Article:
Amazon + Whole Foods = Innovation: Lessons for the Energy Industry

Posted by Noelle Palumbo on June 23, 2017 at 9:30 AM

Last week we wrote about a small player making a big break that got some attention.

This week we're focused on some names you might be slightly more familiar with.

When Amazon announced that it would acquire Whole Foods last week, the business world snapped to attention.

Both Whole Foods' and Amazon's stock prices went up.

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But what does the e-commerce giant that has totally changed the way we shop mean for an industry that has been relatively the same for years?

And what lessons could the energy industry glean from this move?

1. It’s not about market share.
A lot of people were wondering why Amazon would acquire Whole Foods when they make up only 1% of the grocery industry market share. But Whole Foods is the future. Amazon will have some work to do in rebuilding the organic foods giant as a more competitively priced entity, but they realize some great business decisions require a longer ROI plan. And this deal just gave them a lot of real estate to work with.
 
Are you innovating to be ready for tomorrow or ten years from tomorrow?
 
2. If you can’t innovate, acquire innovation.
Amazon has been looking to up its physical footprint and this move just got them 460 brick and mortar locations. These new locations can double as warehouses for their e-commerce business cutting their delivery time by days. People could theoretically even walk into a Whole Foods to pick up some milk and return a package.  
 
No matter what the future looks like, it's probably different than what we're imagining, and Amazon is challenging itself and its business model to constantly innovate.
 
We know that disruption and change aren't just coming to the energy industry - they're here.
 
Will your organization innovate fast enough to keep up?
 
3. Get closer to the customers.
Amazon is an online retailer that has now just placed themselves into neighborhoods across the country. Not only will this allow them to cut delivery times, but this gets them even closer to one of their biggest audiences, upscale suburban families. This is an opportunity to learn so much more about the shopping patterns and behaviors of those customers as the company just changed from an online shopping habit to a much more frequent touch point.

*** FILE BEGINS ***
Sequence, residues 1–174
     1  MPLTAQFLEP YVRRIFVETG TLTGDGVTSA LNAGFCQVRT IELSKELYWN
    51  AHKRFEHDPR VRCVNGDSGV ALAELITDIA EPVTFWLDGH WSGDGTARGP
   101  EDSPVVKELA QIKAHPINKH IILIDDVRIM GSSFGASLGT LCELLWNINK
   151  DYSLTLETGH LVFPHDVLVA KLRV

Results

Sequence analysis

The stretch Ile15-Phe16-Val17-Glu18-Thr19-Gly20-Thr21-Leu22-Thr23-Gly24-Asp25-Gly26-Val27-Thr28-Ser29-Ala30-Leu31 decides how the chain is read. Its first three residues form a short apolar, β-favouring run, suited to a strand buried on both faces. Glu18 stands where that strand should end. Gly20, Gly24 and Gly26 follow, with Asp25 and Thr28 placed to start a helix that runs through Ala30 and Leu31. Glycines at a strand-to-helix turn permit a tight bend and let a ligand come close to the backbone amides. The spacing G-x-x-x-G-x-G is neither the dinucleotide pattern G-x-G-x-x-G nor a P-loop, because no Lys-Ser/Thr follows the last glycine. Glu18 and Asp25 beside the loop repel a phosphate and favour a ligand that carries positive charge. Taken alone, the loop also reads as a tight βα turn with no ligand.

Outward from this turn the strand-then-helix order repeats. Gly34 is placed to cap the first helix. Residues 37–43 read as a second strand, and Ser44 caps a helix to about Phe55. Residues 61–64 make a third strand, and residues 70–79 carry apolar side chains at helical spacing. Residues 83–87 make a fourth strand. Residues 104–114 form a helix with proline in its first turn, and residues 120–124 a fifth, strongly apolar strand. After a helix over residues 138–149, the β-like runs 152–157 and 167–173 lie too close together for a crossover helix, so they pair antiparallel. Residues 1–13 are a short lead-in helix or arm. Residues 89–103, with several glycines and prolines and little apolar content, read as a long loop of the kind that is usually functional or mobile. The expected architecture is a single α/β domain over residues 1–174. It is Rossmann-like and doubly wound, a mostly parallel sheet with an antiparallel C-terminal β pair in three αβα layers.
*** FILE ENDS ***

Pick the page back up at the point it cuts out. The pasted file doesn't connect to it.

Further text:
And who here doesn't want to know more about their customers in an effort to improve customer satisfaction?
 
4. Make the competition sweat.
Wal-Mart has been having a hard time keeping up with Amazon’s online market and the addition of grocery stores to its roster could be the straw that breaks the camel’s back.  While Wal-Mart has significantly more stores than Whole Foods, having to compete with Amazon in yet another area could prove to be difficult.
 
The energy industry is more competitive than ever, especially between regulated and non-regulated entities.
 
Will you be an innovator? Or the organization that's blindsided when a competitor re-writes the rules of the game?
 
5. Prime opportunities. Pun intended.
See what we did there? Amazon Prime members enjoy the luxury of free two-day shipping and special pricing.  The new Prime membership could include discounted prices and special options on groceries at Whole Foods locations. What we're seeing here is Amazon, the most customer centric company in the world, becoming more customer centric.
 
What disruptions or step-changes to your business could do the same thing?
 
6. Owned Assets Are Valuable Marketing Tools
Biggest ad buy in history? Amazon just said so long to a traditional media buy in favor of nearly five hundred 40,000-square-foot buildings. While this probably wasn’t one of their reasons for the acquisition, they just bought ad space all over the country where they can promote any one of their offerings, be it Prime memberships or its product deals of the day. The possibilities are endless with a secure space and the ability to swap out content by the minute. 
 
Now consider this: is your organization leveraging your current owned assets and customer touch points to their fullest potential?
 
We have to keep our minds open to the possibility that progress and innovation may not look the way we think they will.
 
Think outside the box.
 
Because if we don’t, the competition will.

 

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Topics: utility communications, intent marketing, data science, hyper-targeting, grassroots marketing, digital transformation, community marketing, innovation, customer centric, IoT, millennials

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